Yorgos Lanthimos’s films live and die by their concepts—or gimmicks, depending on your outlook. But while the conceptual framework of his fourth feature, The Lobster, shows little sign of innovation, the size of the canvas most certainly does. Working outside Greece for the first time, and with the potential pitfalls of a larger budget and a star-studded cast, Lanthimos navigates the tricky task of upsizing with aplomb, even if the felicitous expansion can’t quite mask the whiff of over-familiarity.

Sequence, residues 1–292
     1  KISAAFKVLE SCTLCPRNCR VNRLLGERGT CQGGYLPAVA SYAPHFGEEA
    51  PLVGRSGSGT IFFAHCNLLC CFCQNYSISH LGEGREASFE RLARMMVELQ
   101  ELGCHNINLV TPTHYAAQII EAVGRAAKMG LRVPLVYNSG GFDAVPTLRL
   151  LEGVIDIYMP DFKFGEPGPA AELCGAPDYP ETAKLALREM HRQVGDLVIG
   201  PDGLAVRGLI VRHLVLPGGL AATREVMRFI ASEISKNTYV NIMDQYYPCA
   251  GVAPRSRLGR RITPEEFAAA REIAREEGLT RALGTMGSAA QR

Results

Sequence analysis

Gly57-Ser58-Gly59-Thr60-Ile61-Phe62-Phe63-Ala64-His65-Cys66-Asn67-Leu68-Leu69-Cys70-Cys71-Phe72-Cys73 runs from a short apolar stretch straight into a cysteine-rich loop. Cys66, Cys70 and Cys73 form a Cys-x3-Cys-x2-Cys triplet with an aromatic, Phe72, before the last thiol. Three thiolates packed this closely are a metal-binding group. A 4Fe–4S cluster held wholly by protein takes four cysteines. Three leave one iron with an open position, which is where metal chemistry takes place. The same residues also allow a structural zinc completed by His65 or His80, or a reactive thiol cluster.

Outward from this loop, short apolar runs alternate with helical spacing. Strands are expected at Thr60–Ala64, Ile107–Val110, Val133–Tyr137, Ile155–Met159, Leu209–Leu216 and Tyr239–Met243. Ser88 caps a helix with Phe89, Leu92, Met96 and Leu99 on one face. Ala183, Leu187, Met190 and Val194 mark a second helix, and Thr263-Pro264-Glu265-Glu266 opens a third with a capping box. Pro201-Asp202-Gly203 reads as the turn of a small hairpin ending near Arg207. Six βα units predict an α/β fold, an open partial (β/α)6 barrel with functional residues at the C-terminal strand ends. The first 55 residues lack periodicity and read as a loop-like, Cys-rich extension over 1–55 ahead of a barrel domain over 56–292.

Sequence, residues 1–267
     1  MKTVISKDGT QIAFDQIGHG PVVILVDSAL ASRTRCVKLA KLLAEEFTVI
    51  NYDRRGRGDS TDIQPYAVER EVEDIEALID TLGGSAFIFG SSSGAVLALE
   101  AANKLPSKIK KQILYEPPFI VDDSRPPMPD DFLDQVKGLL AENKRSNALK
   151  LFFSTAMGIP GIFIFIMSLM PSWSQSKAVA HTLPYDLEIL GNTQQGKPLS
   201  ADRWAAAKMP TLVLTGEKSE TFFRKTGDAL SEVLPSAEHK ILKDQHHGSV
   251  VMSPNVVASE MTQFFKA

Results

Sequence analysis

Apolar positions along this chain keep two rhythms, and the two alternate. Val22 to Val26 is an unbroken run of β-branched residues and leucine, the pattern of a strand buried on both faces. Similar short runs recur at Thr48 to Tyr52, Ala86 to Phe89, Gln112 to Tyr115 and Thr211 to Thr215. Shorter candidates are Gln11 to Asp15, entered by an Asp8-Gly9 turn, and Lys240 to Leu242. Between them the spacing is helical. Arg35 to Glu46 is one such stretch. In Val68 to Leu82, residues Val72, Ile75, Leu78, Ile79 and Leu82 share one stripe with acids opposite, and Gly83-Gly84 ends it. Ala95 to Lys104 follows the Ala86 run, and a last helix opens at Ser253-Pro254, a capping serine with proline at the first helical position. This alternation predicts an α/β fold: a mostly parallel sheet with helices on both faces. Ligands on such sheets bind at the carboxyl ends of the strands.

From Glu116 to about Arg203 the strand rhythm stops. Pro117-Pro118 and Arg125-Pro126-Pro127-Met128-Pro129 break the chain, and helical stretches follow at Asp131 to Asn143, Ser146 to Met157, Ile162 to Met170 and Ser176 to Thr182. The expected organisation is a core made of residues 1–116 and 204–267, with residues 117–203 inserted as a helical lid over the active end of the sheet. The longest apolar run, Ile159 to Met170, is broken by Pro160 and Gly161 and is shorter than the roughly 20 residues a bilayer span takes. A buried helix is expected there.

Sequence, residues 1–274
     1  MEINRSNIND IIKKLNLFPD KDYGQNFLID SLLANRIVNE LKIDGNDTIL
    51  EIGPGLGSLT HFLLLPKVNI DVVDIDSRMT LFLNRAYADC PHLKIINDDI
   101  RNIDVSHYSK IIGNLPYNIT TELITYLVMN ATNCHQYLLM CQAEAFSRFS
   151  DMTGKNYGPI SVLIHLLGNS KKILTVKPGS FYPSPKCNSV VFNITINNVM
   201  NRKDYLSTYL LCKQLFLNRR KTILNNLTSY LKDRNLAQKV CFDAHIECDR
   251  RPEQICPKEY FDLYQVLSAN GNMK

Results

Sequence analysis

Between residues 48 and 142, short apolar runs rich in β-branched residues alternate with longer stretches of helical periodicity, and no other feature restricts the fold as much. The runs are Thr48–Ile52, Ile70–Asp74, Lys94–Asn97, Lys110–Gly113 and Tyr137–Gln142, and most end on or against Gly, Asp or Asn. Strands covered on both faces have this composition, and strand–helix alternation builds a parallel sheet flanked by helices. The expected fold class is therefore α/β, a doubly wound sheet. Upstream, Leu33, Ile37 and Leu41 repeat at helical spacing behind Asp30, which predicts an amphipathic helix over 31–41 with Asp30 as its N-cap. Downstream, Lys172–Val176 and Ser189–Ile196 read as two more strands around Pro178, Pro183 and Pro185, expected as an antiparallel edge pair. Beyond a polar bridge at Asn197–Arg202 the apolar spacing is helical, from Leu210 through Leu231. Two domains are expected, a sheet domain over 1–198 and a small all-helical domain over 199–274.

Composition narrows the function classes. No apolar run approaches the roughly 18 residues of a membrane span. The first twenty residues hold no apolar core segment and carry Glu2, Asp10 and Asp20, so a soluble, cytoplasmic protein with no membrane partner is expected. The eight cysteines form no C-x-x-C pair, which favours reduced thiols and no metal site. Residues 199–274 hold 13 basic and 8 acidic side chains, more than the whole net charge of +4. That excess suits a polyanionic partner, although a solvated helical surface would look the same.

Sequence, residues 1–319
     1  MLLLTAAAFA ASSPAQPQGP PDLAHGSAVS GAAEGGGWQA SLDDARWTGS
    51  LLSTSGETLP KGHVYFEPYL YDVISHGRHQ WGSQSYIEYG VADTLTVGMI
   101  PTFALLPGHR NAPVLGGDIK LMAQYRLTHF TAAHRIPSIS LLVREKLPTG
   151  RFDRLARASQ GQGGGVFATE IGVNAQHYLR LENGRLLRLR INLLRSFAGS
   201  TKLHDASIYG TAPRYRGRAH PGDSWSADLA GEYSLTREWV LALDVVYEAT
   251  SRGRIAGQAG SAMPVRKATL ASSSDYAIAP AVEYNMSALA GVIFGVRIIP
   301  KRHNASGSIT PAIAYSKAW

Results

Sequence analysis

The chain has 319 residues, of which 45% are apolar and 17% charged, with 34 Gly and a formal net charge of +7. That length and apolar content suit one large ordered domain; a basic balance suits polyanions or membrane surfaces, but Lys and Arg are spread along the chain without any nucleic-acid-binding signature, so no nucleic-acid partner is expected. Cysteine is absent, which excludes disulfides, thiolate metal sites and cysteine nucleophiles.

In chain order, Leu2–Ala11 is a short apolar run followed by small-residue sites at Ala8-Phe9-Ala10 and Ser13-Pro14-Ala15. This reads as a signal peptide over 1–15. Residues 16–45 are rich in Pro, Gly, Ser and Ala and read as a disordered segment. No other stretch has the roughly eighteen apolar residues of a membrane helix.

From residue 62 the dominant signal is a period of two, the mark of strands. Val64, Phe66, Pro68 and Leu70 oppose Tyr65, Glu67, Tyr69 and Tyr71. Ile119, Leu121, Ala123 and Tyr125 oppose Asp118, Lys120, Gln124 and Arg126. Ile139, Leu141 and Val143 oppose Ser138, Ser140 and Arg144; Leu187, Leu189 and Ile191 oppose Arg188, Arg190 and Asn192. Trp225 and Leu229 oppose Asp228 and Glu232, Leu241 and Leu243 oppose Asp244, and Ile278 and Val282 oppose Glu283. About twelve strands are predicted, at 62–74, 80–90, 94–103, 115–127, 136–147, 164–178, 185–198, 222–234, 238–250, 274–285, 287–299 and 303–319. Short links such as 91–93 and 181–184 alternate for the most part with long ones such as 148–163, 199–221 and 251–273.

A wonderfully deadpan Colin Farrell leads the viewer into the high-concept arena step by step so that the proliferation of puckish parameters doesn’t get out of hand. His paunchy sad-sack David has just been left by his wife of 12 years, with little time being wasted before he’s rounded up and taken to the Hotel. Once there, he and the other singleton guests must meet and fall in love with someone new within the first 45 days or face being transformed into an animal of their choosing and released into the unforgiving Woods outside. The stately, exclusive, yet still oddly dowdy Hotel exudes much the same feeling of quiet despair and bygone glory as its hapless inhabitants, though beneath the brown furnishings and fussy decor lies steel. Rules pervade every waking moment, proselytizing seminars extol the virtues of coupledom, and infractions of any kind can and will be punished. Aside from finding the “one,” the only hope of prolonging this hushed agony is to perform well in the nightly hunts in the Woods, where knocking out one of the Loners, an equally regimented group committed to total chastity, will gain you one extra day of freedom.